Monthly Archives: November 2011

gainful employment?

So here’s how I came to be (somewhat and not very well) employed in France:

A couple of months ago, just around the start of school, my friend Louise came over to my house and we were chatting. She’s an ESL teacher who has a long track record of teaching adults, however she took the past few years off work while her kids were young. This year she decided to go back to work and she got a job in Paris teaching English at UNESCO, which is a great job.  Just after the start of the academic year, Louise got a call from the school where my kids go (C.A.B.), asking her if she would be willing to teach a weekly ESL workshop on Wednesdays, which is offered as a supplementary course for kids to learn English (and because many children don’t have school on Wednesdays in France). Here is the vague summary of the conversation, after which I became (somewhat and not very well) employed:

Louise: So C.A.B. called and asked me if I wanted to teach the Wednesday morning ESL workshop but I’m not sure if I can pull it off because of my new UNESCO job in Paris. I think it might be too much.

Steph: You’re probably right. With everything else you have going on, it’s probably too much.

Louise: Yeah. I think so too. Plus, since it’s on Wednesdays, I’d have to hire a babysitter for Harry & John because they don’t have school on Wednesdays.

Steph: Yeah, that’s totally not worth it.

Louise: You’re lucky that Owen & Eamon have a half day of school on Wednesdays so you wouldn’t have to worry about a babysitter.

Steph: That’s true.

Louise: You should take the job.

Steph: Ummmm………..But it wasn’t offered to me and I don’t think I’m even qualified…..

Louise: Of course you’re qualified! You speak English!

Steph: But I’m not an ESL teacher and I’m not legally allowed to work until February……….

Louise: Who cares? This is France!

Steph: Ummmmmm………………………

So that is the story of how I became an ESL teacher to a group of eight French kids between the ages of 4-6.

I teach for only 1.5 hours per week, however it’s possible to prepare for about 20 hours per week for this 1.5 hour class – no joke. So basically, I’m making about 1€ per hour. In case you’re wondering, that’s not a livable wage. Not even in France.

At this point I am confident that there is one universally understood word in my class. Sadly (for me) it’s the word, “No.”

Since I know that what doesn’t kill me will make me stronger, I should be Hercules by the time I return. Be prepared friends.

Here is a picture of Alfred Hitchock in the town of Dinard, France (the location of an international film festival). I’m putting it in this post to give you something interesting to look at. Is it a coincidence that I chose this image? I don’t think so. Each week in English class I barely make it through without covering my eyes…………………..it’s sort of like a horror film.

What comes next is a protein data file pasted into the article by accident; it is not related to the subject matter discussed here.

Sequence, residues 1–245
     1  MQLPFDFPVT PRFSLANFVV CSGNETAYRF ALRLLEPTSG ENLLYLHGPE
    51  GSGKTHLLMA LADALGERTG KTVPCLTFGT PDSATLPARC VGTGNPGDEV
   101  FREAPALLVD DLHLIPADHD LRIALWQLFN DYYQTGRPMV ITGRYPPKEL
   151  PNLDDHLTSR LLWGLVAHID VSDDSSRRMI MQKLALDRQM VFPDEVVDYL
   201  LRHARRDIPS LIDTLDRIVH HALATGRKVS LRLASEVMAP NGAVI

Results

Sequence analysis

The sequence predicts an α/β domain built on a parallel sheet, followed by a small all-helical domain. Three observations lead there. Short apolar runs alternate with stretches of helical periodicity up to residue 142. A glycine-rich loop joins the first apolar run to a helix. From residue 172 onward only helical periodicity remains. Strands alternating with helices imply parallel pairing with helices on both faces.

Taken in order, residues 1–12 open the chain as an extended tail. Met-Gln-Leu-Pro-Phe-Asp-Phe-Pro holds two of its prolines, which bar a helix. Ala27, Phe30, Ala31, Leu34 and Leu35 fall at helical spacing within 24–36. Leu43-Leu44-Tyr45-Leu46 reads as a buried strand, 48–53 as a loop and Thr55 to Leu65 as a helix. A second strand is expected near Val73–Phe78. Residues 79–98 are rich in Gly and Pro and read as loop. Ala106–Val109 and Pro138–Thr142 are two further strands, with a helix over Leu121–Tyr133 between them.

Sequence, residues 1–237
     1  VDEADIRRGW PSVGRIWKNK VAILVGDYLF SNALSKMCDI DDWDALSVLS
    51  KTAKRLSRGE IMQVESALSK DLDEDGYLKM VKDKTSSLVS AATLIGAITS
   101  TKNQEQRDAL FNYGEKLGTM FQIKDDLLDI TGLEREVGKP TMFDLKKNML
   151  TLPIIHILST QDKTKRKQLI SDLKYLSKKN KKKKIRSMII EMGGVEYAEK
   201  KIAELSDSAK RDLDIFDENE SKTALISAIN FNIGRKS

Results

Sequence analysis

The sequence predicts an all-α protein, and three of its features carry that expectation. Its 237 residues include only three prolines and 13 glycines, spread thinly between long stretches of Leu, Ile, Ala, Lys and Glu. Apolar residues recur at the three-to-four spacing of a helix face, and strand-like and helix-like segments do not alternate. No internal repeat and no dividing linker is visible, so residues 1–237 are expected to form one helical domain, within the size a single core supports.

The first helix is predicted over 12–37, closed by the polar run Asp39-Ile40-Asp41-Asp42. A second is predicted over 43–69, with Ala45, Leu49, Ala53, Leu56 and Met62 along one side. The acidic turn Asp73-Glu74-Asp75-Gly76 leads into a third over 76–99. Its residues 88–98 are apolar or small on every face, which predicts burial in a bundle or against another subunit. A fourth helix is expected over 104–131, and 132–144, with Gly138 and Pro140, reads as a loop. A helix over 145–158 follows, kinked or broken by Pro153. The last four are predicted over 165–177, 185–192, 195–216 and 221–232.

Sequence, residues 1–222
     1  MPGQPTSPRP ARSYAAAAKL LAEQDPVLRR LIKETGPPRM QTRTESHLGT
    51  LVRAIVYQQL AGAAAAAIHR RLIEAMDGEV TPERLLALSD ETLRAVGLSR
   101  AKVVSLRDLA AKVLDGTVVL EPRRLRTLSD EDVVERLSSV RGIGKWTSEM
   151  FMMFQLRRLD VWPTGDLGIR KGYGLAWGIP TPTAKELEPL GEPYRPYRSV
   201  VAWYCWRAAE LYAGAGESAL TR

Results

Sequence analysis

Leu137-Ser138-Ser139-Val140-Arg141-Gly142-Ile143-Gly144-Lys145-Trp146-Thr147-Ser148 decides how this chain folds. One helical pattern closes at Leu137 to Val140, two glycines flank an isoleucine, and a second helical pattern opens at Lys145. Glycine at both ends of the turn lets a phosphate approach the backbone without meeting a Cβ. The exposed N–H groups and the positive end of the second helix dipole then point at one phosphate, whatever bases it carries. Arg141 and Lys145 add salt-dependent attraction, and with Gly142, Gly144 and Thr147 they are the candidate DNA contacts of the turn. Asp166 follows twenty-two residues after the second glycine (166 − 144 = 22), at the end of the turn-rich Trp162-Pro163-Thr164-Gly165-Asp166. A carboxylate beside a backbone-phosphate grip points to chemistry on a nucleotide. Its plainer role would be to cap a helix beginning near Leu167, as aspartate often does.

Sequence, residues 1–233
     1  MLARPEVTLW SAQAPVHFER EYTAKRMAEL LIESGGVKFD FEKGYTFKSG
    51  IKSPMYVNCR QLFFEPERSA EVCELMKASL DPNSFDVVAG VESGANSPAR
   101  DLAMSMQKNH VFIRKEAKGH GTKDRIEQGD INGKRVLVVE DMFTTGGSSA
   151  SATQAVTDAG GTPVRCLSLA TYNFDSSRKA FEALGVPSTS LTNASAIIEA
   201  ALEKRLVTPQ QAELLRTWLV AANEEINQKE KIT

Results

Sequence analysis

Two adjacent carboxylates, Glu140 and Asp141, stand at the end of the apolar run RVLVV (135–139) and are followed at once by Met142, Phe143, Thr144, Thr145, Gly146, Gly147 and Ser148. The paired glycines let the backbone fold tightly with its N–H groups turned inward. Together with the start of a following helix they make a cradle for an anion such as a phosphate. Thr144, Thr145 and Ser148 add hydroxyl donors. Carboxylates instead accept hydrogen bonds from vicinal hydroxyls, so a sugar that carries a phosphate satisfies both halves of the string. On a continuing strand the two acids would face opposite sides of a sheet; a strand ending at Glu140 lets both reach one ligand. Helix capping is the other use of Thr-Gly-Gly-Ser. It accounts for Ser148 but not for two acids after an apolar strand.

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short story for the longer stories to come

Here’s my predicament (as told in a run on sentence):  You know when a friend emails you and you have so much to say, but you don’t have that much time to write the meaningful note that you would like, so rather than write back a short little note to acknowledge that you received his/her note and are thinking of him/her, you don’t write back because you want to wait unit you have more time to write something better than, “I’m alive.  Thanks for asking,” and then days, weeks and months go by and you haven’t bothered to write back……….

Here’s my note to say I’m sorry to all of the people who I’ve been meaning to write to and I’ve been thinking about you all – in the downtime between wiping the French dog shit off my shoes (did you know that dog owners in France don’t really pick up their dog shit?  True fact.).  And I sincerely apologize to this blog because I’ve been very neglectful.

Here’s the short rundown of what’s happened since I last told you my story on the blog:

  • I got a job (kind of) and am now an illegal worker in France
  • It has been made clear that I am one of the few people in this country who knows how to carve a pumpkin
  • I flew to Ireland and attended a Literary Pub Crawl with my mother and her 3 college friends and drank too much beer, way too fast (sort of like college)
  • I stayed in a house in Brittany that was built in 1368
  • It has become evident that I don’t know a thing about tea
  • My mother visited us in France for 2 weeks where we simultaneously scared her, amazed her, and exhausted her (in between the time she was wiping the French dog shit off her shoe)
  • I’ve come to peace with the fact that I will likely never know anything substantial about French wines and still buy wines based on my own vetted criteria which is as follows (if I can answer “yes” to both questions, I buy it):
    • Does it cost under 5€?
    • Does it have some sort of gold or silver seal on the bottle?
I have also been asked by a friend (shout out to you, Susannah) to give her some French phrases to yell at her kids to boost their understanding of the language (in advance of their visit to France). Since I haven’t had time to compile the entire list, I’ll throw in one of my favorites:

What the hell are you doing?   =     Mais qu’est-ce que tu fous?

I’m working on the rest of the list and will post for all of you to see.

I promise that within the coming days I will give you the details of all of our adventures, but for now, I’ll leave you with this:

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Mont St. Michel is even more amazing than I imagined it would be.